When it comes to food, the first six months of your child’s life are a blessing, since they still don’t eat solid food during that period.
After that, there is more room for mistakes since the development of healthy eating habits depends on your decisions.
This article is a reminder of why you should try avoiding added sugar. Also, you’ll see why you can start giving it to your toddlers after they reach the age of two.
The Negative Effects Of Added Sugar
Before long, people bought into the story that fat, and not carbohydrates, harm our well-being. The story has changed and nowadays the real enemy is sugar.
It’s almost yesterday’s news that added sugar puts people’s health in jeopardy.
For starters, the sweet tooth is bad for teeth. Unfortunately, it’s not just teeth that are at risk.
Sugar can be detrimental to general health, ranging from obesity, high blood pressure, immunity issues, cavities to anxiety and depression.
So, how do we put the situation under control when our kids (babies and toddlers equally) are given added sugar daily? Let’s see why it is on the blacklist:
Too Much Sugar Means Too Little “Real” Food
Have you caught yourself telling people that your kid “doesn’t eat at all”? This happens quite often for two reasons.
First, we observe kids’ meals in comparison with our intake of food.
Second, kids eat too much (hidden) sugar. So, parents need to be extremely cautious of giving them juice and soda, as well as various sauces and yogurts. They are loaded with empty calories that just make them full without providing them with enough useful nutrients.
It’s very difficult to balance your children’s diet if you offer them sugar early on in their lives. Exposure is the first step to forming healthy or unhealthy eating habits. This usually means that kids are more likely to choose the sweet taste of sweets over the bleak taste of veggies.
Sweetened Food And Health Issues
The excessive intake of candies can lead to having no teeth at all. A whole string of early pearly whites can go dark and eventually rotten, which gives way to real dental trouble in adulthood; let alone heart issuescaused by decayed teeth.
High Sugar Level Equals High Anxiety
Another disturbing fact is that added sugar might cause anxiety, leading to undesired behavior, hyperactivity, and general restlessness. As the research shows, there is a toxic relationship between certain foods and psychological issues. Also, children tend to lose focus more quickly when “high” on sugar.
All this can be alleviated by removing added sugar from your kid’s diet, especially before the age of two.
Exposure To Sugar Out Of Your Sight
Yet, there is a lingering question: do we have to ban it – and how to do it, sinceit’s everywhere – or do we have to teach our kids from early days what wholesome food looks and tastes like.
Let’s face it, we cannot control kids once they get out of our sight. There are many situations in which they will be exposed to sugar. For instance,at birthday parties or family gatherings, in the kindergarten, in school, during playdates, or when there are older kids around.
Also, they might eat sweets when they are with their nannies or grandparents. That’s why it’s important to explain everyone who spends time with your kids what’s acceptable diet.For instance, professional nannies at a renowned British / UK governess agency follow strict nutrition rules in their work with children.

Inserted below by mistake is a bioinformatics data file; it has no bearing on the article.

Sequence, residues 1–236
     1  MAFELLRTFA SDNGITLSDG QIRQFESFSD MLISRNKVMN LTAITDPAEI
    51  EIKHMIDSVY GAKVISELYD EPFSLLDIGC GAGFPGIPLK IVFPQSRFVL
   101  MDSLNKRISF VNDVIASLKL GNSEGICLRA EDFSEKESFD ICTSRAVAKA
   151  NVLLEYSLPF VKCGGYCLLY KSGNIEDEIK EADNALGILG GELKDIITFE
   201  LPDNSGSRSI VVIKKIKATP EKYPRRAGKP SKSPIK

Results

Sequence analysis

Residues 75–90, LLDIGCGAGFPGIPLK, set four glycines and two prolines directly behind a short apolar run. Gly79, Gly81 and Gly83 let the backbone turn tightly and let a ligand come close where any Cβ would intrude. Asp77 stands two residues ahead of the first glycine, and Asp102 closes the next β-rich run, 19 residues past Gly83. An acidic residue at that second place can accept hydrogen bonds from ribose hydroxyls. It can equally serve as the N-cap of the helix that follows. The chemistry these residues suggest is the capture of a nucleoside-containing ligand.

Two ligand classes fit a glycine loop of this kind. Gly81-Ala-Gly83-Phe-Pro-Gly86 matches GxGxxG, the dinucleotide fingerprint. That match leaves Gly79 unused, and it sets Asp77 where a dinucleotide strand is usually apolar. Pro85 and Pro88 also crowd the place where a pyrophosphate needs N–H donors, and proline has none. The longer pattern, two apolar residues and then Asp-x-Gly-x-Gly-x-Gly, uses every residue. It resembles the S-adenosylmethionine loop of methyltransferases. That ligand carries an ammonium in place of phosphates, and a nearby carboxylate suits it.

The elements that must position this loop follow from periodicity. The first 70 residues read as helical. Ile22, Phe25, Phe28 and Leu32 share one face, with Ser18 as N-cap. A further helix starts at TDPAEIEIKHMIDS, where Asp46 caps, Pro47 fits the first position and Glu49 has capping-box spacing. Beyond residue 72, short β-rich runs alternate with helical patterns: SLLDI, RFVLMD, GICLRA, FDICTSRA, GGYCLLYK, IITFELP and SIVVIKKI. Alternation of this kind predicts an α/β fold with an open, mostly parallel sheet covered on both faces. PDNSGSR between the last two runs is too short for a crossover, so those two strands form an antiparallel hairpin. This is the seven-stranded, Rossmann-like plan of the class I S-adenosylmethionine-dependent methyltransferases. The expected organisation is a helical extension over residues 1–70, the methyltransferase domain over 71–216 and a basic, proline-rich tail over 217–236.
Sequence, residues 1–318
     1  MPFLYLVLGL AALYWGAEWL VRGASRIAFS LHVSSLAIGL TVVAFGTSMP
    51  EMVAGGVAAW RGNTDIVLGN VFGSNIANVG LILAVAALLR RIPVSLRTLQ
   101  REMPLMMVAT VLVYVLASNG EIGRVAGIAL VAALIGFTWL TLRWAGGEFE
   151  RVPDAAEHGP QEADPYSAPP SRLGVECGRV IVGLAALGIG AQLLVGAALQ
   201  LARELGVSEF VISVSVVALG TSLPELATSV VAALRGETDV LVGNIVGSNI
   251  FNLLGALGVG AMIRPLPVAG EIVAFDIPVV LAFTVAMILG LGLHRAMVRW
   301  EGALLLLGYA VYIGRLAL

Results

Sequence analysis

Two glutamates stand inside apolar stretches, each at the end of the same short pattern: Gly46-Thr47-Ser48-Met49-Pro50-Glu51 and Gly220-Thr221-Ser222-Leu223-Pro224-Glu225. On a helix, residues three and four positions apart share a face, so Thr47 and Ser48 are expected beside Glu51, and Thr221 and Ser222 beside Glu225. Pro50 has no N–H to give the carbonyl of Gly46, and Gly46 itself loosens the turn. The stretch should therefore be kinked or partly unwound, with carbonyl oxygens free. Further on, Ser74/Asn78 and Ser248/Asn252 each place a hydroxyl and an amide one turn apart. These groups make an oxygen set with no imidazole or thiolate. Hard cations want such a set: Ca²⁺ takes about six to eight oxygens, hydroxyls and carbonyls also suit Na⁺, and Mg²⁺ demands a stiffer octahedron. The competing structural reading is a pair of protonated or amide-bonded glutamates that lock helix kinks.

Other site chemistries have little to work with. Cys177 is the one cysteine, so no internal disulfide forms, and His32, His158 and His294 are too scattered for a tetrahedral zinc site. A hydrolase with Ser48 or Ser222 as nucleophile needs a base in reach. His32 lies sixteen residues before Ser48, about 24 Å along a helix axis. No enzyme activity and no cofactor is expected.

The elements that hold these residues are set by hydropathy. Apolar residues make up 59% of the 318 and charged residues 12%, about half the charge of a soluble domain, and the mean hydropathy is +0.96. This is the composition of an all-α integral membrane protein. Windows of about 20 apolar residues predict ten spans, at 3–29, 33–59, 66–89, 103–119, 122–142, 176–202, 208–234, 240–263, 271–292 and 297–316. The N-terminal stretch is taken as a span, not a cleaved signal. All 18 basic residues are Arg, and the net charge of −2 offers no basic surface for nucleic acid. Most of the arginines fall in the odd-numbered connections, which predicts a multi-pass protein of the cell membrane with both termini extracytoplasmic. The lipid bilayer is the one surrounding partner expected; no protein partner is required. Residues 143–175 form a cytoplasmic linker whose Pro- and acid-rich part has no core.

So, parents should think about making a set of rules regarding this topic and give it to everybody who looks after their kids.
Avoiding Sugar Before The Age Of Two
It’s important to know why it is critical not to give sugar before a child turns two. According to dietitian Renae D’Andrea, there are several reasons:
First, their stomach is way too small. If they start eating sweets,how much more is left for other rich food? Instead of taking in healthy, nutritive meals, they will lose appetite because of sugar they eat.
Second, they have an innate taste for sweet (breast milk, amniotic fluid, formula) and they will be more inclined to that type. Back to point one.
After all, they are too small to know they are missing out on anything. If they haven’t tasted any chocolate, chances are they would just play with the package and throw it around. It’s an experiment worth trying!
As the nutritionist suggests, it is advisable to expose them to sugar after the age of two. If you don’t do that, they will start obsessing about it as soon as they start eating it, and that’s another set of problems lurking around the corner.
Just like most other things in life, acquiring healthy eating habits are formed in childhood.
Anxiety, depression, obesity, cavities, high cholesterol, and heart diseases resulting from rich food are far from trivial problems, especially because sugar is hidden in many products (read the labels!)
A small amount of sugar won’t do any damage but bear in mind that it’s addictive. Control the sugar intake while you have a chance to do it.
On the other hand, being too cautious and not giving your child any sugar, especially after the second birthday is also a bad idea. There’s a certain risk that they might develop a strong affection for sugar and sweets once they start encountering candies and cakes.
To cut a long story short, try and figure out how to incorporate sugar in the everyday menu but do it moderately. All these steps will help you introduce food with added sugar to your babies and toddlers.
AuthorBio: Anne Harris is an HR specialist working for londongoverness.com. She recruits nannies, governesses and other childcare professionals, ensuring top-notch services for parents worldwide. In her free time she likes reading about education, and children’s welfare, as well as visiting sports events.